SHAPE: Substance Abuse and HIV/AIDS Prevention Education

Investigators: Thankan Sunil, Ph.D., Xiaohe, Xu, Ph.D. 

Project SHAPE is a collaboration between The University of Texas at San Antonio (UTSA), a minority serving institution (MSI) and tobacco – free campus, and the community based organization (CBO) Health Analytics to prevent and reduce substance abuse, HIV/AIDS and viral hepatitis (VH) among at-risk minority young adults, aged 18-24, in the 78249 zip code of Bexar County. Project SHAPE provides culturally competent services to African American, Hispanic/Latino, and other minority young adults within the 78249 zip code of Bexar County as well as UTSA minority students. The project aims to prevent and reduce the onset of substance abuse, HIV infection, and VH infection. The objectives of project SHAPE are to provide 1) culturally, gender, age-appropriate, and integrated evidenced based substance abuse, HIV and VH prevention education; 2) rapid HIV and VH testing and counseling, and VH vaccination; 3) environmental prevention strategies for substance use, HIV and VH (e.g. social marketing campaign).

AHHA!: Alcohol, HIV, Hepatitis Awareness

Investigators: Thankan Sunil, Ph.D., Xiaohe, Xu, Ph.D. 

Project AHHA! is a collaboration  between The University of Texas at San Antonio (UTSA), a minority serving institution and tobacco – free campus, and community based organization (CBO) Alamo Area Resource Center (AARC) to prevent and reduce substance abuse (SA), HIV/AIDS and Hepatitis -C (HCV) among minority young adults, age 18-24. Project AHHA! provides an integrated intervention by utilizing a comprehensive array of evidence based SA, HIV and HCV prevention strategies developed under a Strategic Prevention Framework. AHHA! will have provided education to 300 unduplicated minority young adults at the conclusion of its 3 year span – currently serving its last year.  In addition, a total of 1500 will have received HIV testing and a total of 51 will have received  HCV testing. The project aims to prevent and reduce the onset of substance use, HIV infection and HCV infection through three main objectives. AHHA! provides 1) culturally, gender, age-appropriate, and integrated evidenced based substance abuse, HIV and HCV prevention education; 2) rapid HIV and HCV testing and counseling; and 3) environmental prevention strategies for substance use, HIV and HCV (e.g. social marketing campaign).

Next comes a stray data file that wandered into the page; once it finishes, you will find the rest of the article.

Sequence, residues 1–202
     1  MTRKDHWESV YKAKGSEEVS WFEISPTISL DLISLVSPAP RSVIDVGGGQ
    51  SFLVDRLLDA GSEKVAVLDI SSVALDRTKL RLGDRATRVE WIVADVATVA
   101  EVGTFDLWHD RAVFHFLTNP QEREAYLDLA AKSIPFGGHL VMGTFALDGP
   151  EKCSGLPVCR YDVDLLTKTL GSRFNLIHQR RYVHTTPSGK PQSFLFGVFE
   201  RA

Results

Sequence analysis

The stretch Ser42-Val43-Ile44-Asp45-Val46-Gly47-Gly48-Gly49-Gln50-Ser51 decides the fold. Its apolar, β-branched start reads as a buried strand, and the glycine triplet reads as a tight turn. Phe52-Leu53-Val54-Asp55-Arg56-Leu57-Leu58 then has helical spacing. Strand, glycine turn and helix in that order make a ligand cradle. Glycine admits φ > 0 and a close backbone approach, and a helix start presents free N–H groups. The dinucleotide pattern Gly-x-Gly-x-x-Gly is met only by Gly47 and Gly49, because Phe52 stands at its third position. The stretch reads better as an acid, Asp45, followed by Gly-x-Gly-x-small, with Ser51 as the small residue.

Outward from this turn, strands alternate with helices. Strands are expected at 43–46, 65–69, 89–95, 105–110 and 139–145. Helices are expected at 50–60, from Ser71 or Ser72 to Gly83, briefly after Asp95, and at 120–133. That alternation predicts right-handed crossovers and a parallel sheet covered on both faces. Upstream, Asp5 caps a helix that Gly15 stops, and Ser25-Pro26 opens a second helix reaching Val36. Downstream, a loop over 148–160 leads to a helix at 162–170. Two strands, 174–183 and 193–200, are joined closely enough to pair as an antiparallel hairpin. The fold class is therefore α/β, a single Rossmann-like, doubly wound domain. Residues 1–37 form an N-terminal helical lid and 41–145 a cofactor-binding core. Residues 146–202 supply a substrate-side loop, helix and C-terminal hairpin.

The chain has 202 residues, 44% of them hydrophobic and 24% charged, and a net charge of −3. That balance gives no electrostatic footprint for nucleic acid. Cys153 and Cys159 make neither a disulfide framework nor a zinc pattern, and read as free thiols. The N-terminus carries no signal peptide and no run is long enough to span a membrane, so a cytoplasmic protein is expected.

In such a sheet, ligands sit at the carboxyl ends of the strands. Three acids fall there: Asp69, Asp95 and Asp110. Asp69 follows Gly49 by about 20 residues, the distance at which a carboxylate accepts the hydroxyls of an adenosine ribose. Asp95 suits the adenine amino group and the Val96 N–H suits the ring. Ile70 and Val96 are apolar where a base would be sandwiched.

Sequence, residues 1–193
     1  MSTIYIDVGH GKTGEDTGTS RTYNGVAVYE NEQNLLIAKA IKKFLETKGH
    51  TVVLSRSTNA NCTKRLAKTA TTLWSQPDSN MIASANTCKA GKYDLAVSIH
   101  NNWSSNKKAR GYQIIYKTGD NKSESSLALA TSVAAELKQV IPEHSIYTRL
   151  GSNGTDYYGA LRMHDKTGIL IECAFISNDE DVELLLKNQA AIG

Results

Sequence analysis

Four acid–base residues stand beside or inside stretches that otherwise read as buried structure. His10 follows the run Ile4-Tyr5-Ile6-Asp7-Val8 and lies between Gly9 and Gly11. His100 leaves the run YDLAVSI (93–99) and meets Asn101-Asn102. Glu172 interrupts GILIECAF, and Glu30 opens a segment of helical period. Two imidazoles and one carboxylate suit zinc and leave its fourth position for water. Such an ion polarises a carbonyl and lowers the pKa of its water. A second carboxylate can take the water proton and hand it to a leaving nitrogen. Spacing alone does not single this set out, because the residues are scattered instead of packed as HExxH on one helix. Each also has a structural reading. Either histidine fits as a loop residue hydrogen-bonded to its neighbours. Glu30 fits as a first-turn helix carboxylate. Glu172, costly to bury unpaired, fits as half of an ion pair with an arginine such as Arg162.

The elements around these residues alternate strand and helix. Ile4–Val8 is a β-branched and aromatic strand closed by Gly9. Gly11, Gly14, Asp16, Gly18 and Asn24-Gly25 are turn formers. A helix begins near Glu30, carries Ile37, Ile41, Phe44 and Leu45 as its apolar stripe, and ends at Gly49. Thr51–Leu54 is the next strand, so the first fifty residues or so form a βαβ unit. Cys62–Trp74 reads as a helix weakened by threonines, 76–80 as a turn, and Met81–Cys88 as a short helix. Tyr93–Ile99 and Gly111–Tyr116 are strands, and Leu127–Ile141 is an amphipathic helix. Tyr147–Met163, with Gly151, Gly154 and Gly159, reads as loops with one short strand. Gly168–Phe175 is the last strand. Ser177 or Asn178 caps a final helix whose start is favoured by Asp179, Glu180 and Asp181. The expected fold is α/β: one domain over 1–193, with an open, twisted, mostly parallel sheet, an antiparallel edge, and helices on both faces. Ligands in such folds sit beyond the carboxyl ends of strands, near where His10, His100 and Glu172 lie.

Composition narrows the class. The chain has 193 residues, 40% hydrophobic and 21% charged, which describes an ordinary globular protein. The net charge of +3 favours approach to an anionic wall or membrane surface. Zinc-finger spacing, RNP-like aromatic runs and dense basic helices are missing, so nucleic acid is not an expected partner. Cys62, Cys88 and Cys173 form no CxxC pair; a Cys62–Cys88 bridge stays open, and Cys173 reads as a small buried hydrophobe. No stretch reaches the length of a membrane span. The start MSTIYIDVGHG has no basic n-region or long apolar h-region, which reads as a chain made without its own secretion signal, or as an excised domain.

1. Sunil, T.S., Xiaohe Xu, Michelle Mutchler, Frederick Casanova (2017). Does combined intervention program matter for college-attending Hispanic and Other minority young adults? Journal of Health Care for the Poor and Underserved, 28:100-112.

 

Siempre Manana: A Collaborative Approach to Reduce Suicide on Campus

Investigators: Thankam Sunil, Ph.D., Melissa Hernandez, DSW. LCSW.

The university of Texas at San Antonio Counseling Services, in partnership with the IHDR, has developed a comprehensive and far reaching program that addresses suicide prevention at a micro and macro level by providing suicide awareness and referral training to non-mental health faculty and staff, peer educators, other student activity program leaders, and parents. In addition the program has strengthened our ability to connect with emergency referrals, including the National Suicide Prevention Lifeline, the UTSA Crisis Helpline and the Veterans Crisis Line, local hospitals and treatment centers. The goals of Siempre Manana are to: 1) develop training for administrators, faculty, staff, and peer educators with a focus on substance abuse and suicide awareness and prevention; 2) develop culturally sensitive outreach presentations to students on issues including depression, substance abuse, and suicide; and 3) promote the National Suicide Prevention Lifeline, Veterans Crisis Line, and the UTSA Crisis Helpline Program.

Infectious Disease Clinical Research Program: San Antonio Military Medical Center (SAMMC)

  1. Menegay, Julie L, Xiaohe Xu, T.S. Sunil, Jason F. Okulicz. (2017). Live versus attenuated influenza vaccine uptake and post-vaccination influenza-like illness outcomes in HIV-infected US Air Force members. Journal of Clinical Virology, 95:72-75.
  2. Asha De, Xiaohe Xu, James White, T.S. Sunil, Jason F Okulicz (2016). Physical fitness characteristics of active duty United States Air Force members with HIV infection. Medicine, 95:44-52.
  3. Cohen, Jared A., Amanda Sellers, T.S. Sunil., Peter E. Matthews, and Jason Okulicz (2016). Herpes simplex virus seroprevalence and seroconversion among active duty US Air Force members with HIV infection. Journal of Clinical Virology, 74:4-7.
  4. Patterson, Shane, Daniel Rivera, T.S. Sunil., and Jason Okulicz (2014). Evaluation of extragenital screening for gonorrhea and chlamydia in HIV-infected active duty Air Force members. Medical Surveillance Monthly Reports (MSMR), 21(11):7-9.

 

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